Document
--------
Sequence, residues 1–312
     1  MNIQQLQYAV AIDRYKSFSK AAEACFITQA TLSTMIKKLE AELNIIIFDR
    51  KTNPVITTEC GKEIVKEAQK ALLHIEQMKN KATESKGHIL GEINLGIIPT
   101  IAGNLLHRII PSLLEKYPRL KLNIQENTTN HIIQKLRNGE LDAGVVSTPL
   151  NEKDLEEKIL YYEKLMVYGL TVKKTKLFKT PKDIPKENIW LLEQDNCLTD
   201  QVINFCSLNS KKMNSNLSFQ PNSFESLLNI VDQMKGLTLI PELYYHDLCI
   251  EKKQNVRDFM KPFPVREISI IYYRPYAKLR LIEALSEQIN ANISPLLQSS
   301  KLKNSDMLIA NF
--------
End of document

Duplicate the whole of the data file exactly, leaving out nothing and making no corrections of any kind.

Sequence, residues 1–312
     1  MNIQQLQYAV AIDRYKSFSK AAEACFITQA TLSTMIKKLE AELNIIIFDR
    51  KTNPVITTEC GKEIVKEAQK ALLHIEQMKN KATESKGHIL GEINLGIIPT
   101  IAGNLLHRII PSLLEKYPRL KLNIQENTTN HIIQKLRNGE LDAGVVSTPL
   151  NEKDLEEKIL YYEKLMVYGL TVKKTKLFKT PKDIPKENIW LLEQDNCLTD
   201  QVINFCSLNS KKMNSNLSFQ PNSFESLLNI VDQMKGLTLI PELYYHDLCI
   251  EKKQNVRDFM KPFPVREISI IYYRPYAKLR LIEALSEQIN ANISPLLQSS
   301  KLKNSDMLIA NF